Elon Musk has owned Twitter for less than a week, and already the company is bleeding money.
Since the billionaire’s purchase of Twitter, dozens of celebrities and advertisers have said they’re not sure they’ll remain on the social media platform—leading Musk to propose a bizarre new plan for users to pay for verification badges.
“We need to pay the bills somehow! Twitter cannot rely entirely on advertisers,” Musk tweeted Monday after novelist Stephen King dismissed the notion of paying for Twitter verification. “How about $8 [a month]?” Musk asked, seemingly bartering a paid contract in a tweet.
The truth is Twitter is a financial time-bomb.
Musk’s $44 billion deal placed about $13 billion worth of debt onto Twitter. Any cash will likely need to help service that debt, but that cash is looking less and less available.
On Tuesday, advertising giant Interpublic Group recommended its clients (including Coca-Cola, Johnson & Johnson, and Spotify) to temporarily pause activity on Twitter. That recommendation follows an announcement from General Motors last week that it would be suspending advertising until it gets a better idea what direction Twitter is going in.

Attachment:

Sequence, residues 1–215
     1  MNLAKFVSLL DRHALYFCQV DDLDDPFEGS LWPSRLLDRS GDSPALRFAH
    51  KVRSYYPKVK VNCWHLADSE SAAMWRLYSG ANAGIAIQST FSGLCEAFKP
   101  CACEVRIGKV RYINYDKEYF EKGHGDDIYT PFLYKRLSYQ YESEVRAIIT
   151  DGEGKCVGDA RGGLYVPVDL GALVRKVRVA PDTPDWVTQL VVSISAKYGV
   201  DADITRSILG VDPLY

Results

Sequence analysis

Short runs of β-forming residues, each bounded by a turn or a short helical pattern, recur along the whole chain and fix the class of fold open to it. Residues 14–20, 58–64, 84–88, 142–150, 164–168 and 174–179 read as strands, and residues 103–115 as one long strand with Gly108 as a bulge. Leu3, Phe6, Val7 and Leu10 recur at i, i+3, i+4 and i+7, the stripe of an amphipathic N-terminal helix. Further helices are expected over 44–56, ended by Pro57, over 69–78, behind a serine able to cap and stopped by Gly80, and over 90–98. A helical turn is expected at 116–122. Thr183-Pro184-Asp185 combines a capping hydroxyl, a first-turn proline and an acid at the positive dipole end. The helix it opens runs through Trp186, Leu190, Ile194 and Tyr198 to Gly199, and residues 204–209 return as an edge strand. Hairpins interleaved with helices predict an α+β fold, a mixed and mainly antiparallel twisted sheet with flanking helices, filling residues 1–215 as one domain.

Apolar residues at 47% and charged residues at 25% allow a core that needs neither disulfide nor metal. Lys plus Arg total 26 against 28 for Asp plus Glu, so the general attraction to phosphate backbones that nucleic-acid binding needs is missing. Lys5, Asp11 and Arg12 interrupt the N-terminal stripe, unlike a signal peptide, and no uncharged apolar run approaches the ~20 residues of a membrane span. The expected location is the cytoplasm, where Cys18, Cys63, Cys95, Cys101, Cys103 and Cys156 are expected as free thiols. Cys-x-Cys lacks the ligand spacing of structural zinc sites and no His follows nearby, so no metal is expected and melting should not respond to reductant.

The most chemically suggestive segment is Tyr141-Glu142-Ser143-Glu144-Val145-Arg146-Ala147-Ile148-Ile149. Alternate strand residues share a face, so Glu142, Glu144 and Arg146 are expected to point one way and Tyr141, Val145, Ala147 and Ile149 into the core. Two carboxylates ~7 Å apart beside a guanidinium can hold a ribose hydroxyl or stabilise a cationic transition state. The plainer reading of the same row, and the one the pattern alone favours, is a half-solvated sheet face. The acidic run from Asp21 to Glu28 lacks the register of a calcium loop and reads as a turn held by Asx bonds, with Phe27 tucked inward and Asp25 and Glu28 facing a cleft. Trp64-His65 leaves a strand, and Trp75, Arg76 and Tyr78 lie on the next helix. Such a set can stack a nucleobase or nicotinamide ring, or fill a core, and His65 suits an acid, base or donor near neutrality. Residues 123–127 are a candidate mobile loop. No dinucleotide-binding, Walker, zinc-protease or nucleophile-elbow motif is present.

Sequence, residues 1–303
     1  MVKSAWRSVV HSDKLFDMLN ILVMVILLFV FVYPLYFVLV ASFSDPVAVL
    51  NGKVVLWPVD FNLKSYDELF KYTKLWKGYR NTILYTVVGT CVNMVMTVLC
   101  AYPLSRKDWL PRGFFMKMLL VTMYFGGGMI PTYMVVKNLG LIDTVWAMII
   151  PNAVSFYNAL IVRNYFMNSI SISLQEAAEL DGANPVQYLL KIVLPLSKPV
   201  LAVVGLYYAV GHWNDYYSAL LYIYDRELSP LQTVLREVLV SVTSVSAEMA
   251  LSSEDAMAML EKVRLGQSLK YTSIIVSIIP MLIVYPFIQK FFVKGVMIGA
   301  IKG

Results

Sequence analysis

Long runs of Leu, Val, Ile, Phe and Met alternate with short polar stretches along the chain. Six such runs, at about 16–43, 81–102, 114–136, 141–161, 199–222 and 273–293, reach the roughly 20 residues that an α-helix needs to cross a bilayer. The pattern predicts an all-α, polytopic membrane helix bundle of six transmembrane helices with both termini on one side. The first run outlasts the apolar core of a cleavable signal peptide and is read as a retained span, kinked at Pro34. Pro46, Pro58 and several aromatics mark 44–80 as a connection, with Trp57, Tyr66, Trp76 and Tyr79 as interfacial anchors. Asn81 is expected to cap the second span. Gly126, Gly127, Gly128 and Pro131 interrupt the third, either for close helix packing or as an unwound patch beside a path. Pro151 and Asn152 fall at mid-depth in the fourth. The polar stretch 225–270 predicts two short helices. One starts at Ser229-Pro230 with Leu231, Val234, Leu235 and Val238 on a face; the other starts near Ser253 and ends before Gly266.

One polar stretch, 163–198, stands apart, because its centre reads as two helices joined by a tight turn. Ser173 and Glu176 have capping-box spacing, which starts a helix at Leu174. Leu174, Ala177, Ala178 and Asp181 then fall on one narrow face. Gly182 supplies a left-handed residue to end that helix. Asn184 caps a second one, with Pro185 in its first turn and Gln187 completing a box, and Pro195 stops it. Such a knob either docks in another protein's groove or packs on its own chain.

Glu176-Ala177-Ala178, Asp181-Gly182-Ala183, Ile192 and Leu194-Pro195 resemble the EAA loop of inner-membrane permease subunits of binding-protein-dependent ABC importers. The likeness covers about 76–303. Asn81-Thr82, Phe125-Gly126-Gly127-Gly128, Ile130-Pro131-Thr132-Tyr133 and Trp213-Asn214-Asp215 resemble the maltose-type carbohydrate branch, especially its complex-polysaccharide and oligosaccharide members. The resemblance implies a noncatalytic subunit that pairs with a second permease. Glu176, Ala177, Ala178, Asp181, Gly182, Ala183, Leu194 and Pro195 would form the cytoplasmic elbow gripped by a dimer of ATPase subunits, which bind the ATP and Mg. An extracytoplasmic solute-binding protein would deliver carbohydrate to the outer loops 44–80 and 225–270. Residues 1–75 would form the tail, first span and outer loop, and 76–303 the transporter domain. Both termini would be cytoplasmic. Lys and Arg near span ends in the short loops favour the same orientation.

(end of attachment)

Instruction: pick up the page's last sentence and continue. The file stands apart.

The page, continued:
HBO, among Twitter’s top five advertisers this year, “will be assessing the platform under its new leadership,” before determining next steps. About a dozen clients of advertising agency GroupM threaten to pause all their Twitter ads if former President Donald Trump’s account is reinstated, as some fear Musk may allow.
Given that about 90 percent of Twitter’s revenue comes from advertising, Musk is now haphazardly pushing to make Twitter a subscription service.
On Monday, he tweeted details of his vision. Along with gaining verification, paying $8 per month would apparently show users half as many ads. Again, ads are the biggest source of Twitter’s revenue. A service only a select few would subscribe to—and cutting ad revenue generated by those users in half—wouldn’t balance potential losses if the plan goes awry and disillusions advertisers.
Meanwhile, Musk’s own actions are betraying his statement that Twitter will be “warm and welcoming to all.”
On Tuesday, Musk unilaterally unbanned far-right conspiracy theorist Mark Finchem to appease complaints from online right-wingers. Finchem, who has disputed the 2020 election results and is running to oversee voting in Arizona, is a proud member of the Oath Keepers.